In preparation for this trip, I’ve finally dug out my notes from my Srpski Jezik Radionica from when I was there last, cramming away at the little school on Simina street, sitting on my cozy little bed at hostel Kapetan, or sipping coffee while going over flashcards in a cafe on Knez Mihailova. I’m ashamed to say I have not kept up my Serbian like I wanted to.  All the big and little things that make up life have gotten in the way, and most days, “study a foreign language” somehow kept getting pushed to the bottom of my “to-do” list. Somehow, starting a new career, buying a home, and even just doing laundry have taken precedence. So as the big trip approaches, I’ve gotten frantic, realizing that I don’t want to start from scratch with the language when I get back there. I spent so many hours studying it that it seems a shame to have to pay someone to teach me what they taught me 2 years ago. So here I go. Grammar, Vocabulary, Futile attempts at conversation with the muž. Oh the Padež! Damn the Padež! Why is it so complicated! The Genders! Why must a table be a he or she? The same infuriating questions that plagued me back then will plague me again, I can see it happening already. Why must I memorize a thousand rules just to say a single sentence? Why must I know that if I make something plural, only if it’s a masculine, monosyllabic, noun, that I must add ovi, but only if it ends in a hard consonant? The madness! But no. I will not go down this path again, I will not be overwhelmed. I will be methodical and open-minded and enthusiastic. I will try a little every day. I will accept the absurdity of verb exceptions, feminine nouns that pose as masculine, and old words that have alternate endings, and that G + I becomes ZI in the locative, and I will try not to forget about the mobile “A”s. Damn those mobile As. But I will accept these oddities and embrace them. And if I forget them all, which I expect I will do, I will not care that I sound like a caveman but I will keep speaking and learning and forego pride for progress.

So in the midst of all this new-found ambition, I reached out to a friend who is an English language professor, but who grew up in Belgrade. A perfect choice I thought, one who knows the language, but also knows how to teach someone grammar and conversation, and so today we met over lunch. She decided it would be best to start with useful phrases, you know, stuff I could use with the in-laws and in making small talk. She made me realize that I have to stop focusing on grammar and perfection and just make an effort to speak more to build up my confidence with the language, and not to worry too much about if its correct. This is something I need to take to heart – Don’t let perfect be the enemy of good. So we focused on the practical, or what I started calling “Survival Serbian”. I couldn’t help but laugh when she had me write down things like,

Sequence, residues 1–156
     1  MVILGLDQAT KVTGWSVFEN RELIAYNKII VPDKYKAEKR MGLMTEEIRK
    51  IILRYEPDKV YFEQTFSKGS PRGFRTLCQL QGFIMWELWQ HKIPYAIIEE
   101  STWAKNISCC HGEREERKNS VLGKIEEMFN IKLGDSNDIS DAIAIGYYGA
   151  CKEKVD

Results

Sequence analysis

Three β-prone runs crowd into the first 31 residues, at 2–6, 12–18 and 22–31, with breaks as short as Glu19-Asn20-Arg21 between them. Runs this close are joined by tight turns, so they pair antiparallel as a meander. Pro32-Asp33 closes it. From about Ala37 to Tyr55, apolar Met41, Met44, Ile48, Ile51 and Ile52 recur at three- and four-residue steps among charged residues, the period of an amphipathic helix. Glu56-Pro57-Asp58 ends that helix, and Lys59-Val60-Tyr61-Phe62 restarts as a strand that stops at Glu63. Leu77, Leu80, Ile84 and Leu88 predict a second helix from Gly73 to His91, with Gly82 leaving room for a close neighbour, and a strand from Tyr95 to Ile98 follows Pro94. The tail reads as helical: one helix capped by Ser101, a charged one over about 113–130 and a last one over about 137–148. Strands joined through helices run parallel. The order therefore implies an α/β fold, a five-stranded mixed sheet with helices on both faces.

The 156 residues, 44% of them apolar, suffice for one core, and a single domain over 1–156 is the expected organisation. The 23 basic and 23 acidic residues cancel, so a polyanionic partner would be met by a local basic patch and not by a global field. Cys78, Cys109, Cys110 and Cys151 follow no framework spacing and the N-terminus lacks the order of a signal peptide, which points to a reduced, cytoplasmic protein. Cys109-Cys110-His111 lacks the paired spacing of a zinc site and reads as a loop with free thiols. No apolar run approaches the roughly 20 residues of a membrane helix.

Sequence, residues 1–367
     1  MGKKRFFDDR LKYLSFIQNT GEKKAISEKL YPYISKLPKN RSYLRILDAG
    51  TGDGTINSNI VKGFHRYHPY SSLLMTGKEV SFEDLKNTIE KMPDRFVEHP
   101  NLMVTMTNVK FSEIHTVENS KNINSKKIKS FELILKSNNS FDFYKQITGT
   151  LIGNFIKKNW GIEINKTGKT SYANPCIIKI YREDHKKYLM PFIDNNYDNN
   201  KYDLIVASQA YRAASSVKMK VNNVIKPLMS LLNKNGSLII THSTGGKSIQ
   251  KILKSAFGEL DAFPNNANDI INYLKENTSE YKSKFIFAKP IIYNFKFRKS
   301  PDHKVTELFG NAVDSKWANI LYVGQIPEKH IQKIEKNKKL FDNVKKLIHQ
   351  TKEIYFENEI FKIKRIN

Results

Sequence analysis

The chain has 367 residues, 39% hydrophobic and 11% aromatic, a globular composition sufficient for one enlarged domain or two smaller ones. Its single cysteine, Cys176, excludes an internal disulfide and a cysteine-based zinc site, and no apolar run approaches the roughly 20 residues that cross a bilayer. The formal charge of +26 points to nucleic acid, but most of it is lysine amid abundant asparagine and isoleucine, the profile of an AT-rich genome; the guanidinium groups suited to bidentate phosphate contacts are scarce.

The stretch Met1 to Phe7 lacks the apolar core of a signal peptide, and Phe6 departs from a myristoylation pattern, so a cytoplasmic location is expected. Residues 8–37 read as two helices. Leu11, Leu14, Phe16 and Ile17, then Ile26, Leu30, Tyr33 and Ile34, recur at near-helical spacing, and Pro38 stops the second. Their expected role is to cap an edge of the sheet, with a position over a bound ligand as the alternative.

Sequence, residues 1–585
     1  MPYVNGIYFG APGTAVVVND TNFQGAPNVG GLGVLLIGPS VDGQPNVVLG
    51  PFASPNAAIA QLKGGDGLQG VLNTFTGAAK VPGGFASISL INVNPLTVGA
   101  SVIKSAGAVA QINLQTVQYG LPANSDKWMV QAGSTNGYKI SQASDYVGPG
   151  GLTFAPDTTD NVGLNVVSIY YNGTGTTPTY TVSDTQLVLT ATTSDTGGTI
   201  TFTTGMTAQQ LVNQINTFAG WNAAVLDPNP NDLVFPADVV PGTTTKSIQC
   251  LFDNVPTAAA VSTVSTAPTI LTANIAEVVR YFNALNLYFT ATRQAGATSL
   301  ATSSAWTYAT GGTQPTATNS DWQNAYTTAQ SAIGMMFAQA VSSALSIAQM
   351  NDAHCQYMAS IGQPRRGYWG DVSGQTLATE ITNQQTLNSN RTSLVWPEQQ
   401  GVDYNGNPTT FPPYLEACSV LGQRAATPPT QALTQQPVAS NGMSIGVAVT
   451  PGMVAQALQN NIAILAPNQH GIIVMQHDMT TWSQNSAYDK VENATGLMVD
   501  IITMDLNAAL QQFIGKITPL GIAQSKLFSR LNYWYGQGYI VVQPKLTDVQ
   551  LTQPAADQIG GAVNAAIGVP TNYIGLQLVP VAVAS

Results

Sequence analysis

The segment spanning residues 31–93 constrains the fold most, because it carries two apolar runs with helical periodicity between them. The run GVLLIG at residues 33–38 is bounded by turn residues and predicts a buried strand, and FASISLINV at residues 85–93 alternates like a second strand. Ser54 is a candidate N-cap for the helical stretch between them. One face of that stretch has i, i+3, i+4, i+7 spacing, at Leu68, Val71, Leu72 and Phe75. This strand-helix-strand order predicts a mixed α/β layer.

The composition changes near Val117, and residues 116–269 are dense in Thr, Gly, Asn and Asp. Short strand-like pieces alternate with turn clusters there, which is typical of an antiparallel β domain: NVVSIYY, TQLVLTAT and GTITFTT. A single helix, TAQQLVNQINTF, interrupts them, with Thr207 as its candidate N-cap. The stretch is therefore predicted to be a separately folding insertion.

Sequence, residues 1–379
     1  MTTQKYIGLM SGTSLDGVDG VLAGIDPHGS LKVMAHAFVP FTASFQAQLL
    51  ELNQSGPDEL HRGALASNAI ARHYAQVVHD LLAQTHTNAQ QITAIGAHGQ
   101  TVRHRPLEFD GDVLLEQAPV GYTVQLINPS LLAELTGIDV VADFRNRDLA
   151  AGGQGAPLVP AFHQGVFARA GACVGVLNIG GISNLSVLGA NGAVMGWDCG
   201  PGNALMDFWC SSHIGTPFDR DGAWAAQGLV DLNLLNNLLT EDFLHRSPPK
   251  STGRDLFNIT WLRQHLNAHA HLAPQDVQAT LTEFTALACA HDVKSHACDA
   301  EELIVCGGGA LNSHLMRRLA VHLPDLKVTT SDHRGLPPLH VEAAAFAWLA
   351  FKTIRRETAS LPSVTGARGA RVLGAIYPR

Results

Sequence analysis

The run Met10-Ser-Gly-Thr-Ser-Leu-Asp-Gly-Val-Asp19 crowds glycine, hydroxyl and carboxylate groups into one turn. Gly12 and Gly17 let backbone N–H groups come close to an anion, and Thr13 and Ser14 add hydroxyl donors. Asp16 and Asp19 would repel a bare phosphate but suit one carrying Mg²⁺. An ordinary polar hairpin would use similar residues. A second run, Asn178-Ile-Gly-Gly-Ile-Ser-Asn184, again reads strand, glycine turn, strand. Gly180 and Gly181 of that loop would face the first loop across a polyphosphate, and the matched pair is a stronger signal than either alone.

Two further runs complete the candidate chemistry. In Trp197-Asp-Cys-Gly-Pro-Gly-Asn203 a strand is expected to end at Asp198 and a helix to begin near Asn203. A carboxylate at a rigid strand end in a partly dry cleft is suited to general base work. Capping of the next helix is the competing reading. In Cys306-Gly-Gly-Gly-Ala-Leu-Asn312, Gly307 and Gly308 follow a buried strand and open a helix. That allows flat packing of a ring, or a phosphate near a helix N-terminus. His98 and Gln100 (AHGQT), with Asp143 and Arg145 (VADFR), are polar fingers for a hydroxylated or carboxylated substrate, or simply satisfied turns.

“Ne, stvarno ne mogu više” – I really can’t take any more! (We imagined this would be in response to all the incessant food offerings around the table)

“Izvini, malo sporije” – Please, a little slower (For when they talk at hyper-speed)

“”Divna Vam Je Supa” – Your Soup is Splendid! (For when Mama Zlata cooks for us)

These are the kinds of phrases that I’m sure I’ll get a plenty of mileage out of, and will probably be infinitely more useful than remembering possessive plural pronouns or the locativ case. So after nearly 3 hours of Survival Serbian, I leave and suddenly realize I am completely drained. I drive home, exhausted, and wonder how I will ever make progress and start to remember just how intense my “intensive Serbian language course” really was that first time in Belgrade. Suddenly I’m not so opposed to a few lazy days sunning and swimming at the beach, it might be just exactly what I need.

Apologies, from, Yours Truly, the Comma Freak,

So many of you have probably noticed, grammar is not my forte in any language. I admit, I tend to add a few more commas than are necessary to many of my posts, and for this I apologize! Hopefully none of you are grammar freaks (like an unnnamed teacher at my Serbian school – Sorry! – you know who you are). So I hope I don’t offend anyone by my, excessive, use, of commas. Ok now that was just for show. Luckily I have spell check, but a for some reason, those pesky green lines on grammar check seem to avoid my little problem! Also, most of my posts that I wrote in Belgrade were written furiously in about 5 minutes standing up at my hostel computer between rushing home from school and rushing off to do homework or go exploring. I really didn’t edit them, I just typed like a maniac and hit post, I had more important things to do than waste precious minutes editing! So you’ll have to excuse the errors. From now on, I’ll try to do better.
Thanks for Reading! 🙂

Say Something in Serbian!

So after 1 month in Belgrade struggling through my very intensive accelerated language course, I’m back home, (Thank God! Clean Bathrooms!) And I know that all too soon, I will be reunited with the Serbian community and they will want to know what I learned. What did you learn? They will ask. Say something! They will demand. Or perhaps, they will just test me by speaking Serbian to me and gauging my response. I fear this will be a problem, because many Serbs (actually many people from all over the world), don’t know how to speak to someone who is just starting to learn their language.